Many people who file bankruptcy worry about their credit scores and the possibility of obtaining a credit card in the future, or they declare that consumer debt is the last thing they want to deal with again. Both sentiments are understandable, but the latter one can be a mistake for a number of reasons:
- Rebuilding credit is important after bankruptcy even for non-consumer credit loans. For instance, good credit helps for other loans such as mortgages and automobiles.
- Using a credit card to rebuild credit rather than supplement income are two different things. Many cardholders run into trouble by using the card as a crutch when income is too low. The obvious solution is to either spend less or earn more. Fewer and fewer Americans can snap their fingers to earn more than in the past, but it’s often possible to reduce expenditures such as restaurant meals.
- It’s possible for even the most credit card averse to find a way to strategically use the card. For example, some households use a credit card solely for bills paid over the Internet. The benefit is usually to prevent identity theft, which frequently occurs in person, such as by a restaurant worker stealing the numbers. However, those who want to strategically rebuild credit can use a credit card in the same way—just to pay bills. Setting a recurring alarm in a cell phone as a reminder is a good way to ensure that the bill is paid on time.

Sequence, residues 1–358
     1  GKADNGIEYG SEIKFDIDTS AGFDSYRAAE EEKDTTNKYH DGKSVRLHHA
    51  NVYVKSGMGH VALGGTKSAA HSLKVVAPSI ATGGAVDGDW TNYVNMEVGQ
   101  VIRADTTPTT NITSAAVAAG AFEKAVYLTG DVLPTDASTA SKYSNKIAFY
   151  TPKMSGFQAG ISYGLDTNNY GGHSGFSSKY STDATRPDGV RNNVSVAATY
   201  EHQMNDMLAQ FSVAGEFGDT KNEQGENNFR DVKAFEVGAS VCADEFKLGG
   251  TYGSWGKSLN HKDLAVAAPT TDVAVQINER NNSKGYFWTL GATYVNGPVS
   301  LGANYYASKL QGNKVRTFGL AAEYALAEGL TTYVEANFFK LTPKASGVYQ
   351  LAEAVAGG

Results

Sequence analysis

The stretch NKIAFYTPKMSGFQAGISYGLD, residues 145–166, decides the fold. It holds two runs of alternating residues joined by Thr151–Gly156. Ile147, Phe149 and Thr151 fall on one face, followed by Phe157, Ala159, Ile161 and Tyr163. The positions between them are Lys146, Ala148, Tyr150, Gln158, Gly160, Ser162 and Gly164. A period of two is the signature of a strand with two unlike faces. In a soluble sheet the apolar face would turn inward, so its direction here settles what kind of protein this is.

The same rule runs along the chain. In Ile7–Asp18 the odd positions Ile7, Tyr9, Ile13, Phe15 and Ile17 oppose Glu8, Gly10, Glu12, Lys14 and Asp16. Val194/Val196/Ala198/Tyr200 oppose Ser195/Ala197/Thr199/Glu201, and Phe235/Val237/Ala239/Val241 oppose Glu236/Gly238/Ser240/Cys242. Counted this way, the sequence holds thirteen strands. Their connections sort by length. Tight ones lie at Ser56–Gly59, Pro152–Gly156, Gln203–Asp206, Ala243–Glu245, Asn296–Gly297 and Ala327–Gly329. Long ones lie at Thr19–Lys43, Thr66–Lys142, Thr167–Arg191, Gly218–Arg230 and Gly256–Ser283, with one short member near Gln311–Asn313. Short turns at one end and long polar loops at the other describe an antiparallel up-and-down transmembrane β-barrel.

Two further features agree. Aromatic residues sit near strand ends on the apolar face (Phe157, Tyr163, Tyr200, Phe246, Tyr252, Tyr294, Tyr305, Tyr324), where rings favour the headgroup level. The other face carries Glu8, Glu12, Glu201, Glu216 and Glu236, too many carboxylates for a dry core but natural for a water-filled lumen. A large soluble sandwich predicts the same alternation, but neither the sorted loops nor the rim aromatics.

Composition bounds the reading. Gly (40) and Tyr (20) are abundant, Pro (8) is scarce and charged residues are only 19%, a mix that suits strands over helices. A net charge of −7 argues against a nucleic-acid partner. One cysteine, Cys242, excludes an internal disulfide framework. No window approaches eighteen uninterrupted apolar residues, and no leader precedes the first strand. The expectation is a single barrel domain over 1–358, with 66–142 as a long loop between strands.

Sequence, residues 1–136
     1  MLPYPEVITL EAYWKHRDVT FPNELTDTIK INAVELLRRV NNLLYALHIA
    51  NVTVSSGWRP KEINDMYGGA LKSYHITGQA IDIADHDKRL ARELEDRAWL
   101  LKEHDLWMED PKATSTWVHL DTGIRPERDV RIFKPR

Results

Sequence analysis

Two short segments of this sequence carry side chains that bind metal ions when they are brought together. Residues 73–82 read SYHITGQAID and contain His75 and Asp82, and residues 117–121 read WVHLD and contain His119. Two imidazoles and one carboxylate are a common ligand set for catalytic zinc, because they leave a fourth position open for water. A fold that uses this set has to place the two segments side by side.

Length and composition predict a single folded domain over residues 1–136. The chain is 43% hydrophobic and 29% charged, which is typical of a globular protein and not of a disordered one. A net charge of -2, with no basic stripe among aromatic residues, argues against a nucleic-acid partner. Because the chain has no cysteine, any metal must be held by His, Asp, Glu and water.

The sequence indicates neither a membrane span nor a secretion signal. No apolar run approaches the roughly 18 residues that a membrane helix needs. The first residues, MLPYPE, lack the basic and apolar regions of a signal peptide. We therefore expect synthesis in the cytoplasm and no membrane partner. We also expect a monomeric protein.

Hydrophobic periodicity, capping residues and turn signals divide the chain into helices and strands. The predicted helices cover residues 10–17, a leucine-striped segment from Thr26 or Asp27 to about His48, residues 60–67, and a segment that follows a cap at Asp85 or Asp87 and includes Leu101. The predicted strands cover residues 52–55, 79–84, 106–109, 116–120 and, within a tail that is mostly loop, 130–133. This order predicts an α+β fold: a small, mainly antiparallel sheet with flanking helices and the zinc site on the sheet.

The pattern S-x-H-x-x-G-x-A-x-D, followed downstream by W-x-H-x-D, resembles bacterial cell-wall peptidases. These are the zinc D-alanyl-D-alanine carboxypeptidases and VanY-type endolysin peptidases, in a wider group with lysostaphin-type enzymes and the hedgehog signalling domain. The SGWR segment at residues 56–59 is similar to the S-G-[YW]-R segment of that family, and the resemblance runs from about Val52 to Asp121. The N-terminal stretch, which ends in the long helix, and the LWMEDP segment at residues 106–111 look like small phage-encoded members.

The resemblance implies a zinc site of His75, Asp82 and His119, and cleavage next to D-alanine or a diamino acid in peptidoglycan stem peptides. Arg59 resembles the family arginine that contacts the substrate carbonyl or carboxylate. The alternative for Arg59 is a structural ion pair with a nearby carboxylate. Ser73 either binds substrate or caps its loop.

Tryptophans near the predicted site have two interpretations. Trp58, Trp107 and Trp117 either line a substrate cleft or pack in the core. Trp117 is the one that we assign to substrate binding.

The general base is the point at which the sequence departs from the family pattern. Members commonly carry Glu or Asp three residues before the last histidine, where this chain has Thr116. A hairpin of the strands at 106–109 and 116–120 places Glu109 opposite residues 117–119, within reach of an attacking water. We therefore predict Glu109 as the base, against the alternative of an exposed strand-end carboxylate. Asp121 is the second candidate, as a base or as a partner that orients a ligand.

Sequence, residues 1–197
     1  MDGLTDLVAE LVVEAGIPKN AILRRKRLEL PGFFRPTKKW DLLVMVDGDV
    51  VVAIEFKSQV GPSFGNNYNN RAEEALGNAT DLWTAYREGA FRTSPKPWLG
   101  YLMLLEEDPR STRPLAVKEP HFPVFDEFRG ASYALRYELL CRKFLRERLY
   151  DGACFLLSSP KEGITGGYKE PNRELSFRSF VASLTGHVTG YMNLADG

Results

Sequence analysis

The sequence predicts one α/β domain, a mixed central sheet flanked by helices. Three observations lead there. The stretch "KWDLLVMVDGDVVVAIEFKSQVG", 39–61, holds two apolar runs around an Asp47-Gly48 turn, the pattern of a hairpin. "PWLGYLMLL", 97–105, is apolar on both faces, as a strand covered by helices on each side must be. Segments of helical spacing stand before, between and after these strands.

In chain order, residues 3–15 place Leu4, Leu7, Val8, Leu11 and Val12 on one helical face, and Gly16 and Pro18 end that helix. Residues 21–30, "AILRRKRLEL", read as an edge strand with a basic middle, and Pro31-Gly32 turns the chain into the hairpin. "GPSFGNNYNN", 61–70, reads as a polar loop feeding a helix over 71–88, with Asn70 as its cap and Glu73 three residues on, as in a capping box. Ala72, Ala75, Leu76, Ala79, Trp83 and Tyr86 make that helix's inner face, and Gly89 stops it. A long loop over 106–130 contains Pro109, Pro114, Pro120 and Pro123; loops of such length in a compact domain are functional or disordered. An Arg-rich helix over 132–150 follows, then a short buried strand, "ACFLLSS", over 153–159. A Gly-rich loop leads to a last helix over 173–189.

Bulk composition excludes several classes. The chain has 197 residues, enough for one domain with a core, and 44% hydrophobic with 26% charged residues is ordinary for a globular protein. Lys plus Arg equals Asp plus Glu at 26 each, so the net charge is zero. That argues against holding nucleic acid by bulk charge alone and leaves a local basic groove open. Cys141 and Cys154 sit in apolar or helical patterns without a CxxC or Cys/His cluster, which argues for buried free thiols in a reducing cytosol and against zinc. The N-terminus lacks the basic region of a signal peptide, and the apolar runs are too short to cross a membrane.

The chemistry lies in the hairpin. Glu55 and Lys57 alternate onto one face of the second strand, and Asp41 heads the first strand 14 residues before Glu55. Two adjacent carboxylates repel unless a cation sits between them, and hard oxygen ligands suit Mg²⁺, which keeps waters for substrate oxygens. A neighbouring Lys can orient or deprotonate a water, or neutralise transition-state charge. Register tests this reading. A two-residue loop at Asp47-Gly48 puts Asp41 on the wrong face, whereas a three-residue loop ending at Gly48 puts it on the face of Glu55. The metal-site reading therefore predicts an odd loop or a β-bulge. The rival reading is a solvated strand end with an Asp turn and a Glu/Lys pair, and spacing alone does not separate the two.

- Creditworthiness is useful for other purposes. For example landlords often ask for credit reports, and employers are increasingly looking into their job applicants’ creditworthiness as well. It’s unfair outside of some obvious situations, like working at a jewelry store, but it’s a reason to ensure that you appear creditworthy. Insurers sometimes care about credit scores as well.
Credit scores aren’t the be-all-end-all of your ability to function in society post-bankruptcy, but it should be neither over-valued nor ignored.
For more questions about bankruptcy in Las Vegas, please feel free to contact an experienced Haines & Krieger Las Vegas bankruptcy attorney for a free initial consultation. Call us at 1-702-880-5554 to set up your free consultation.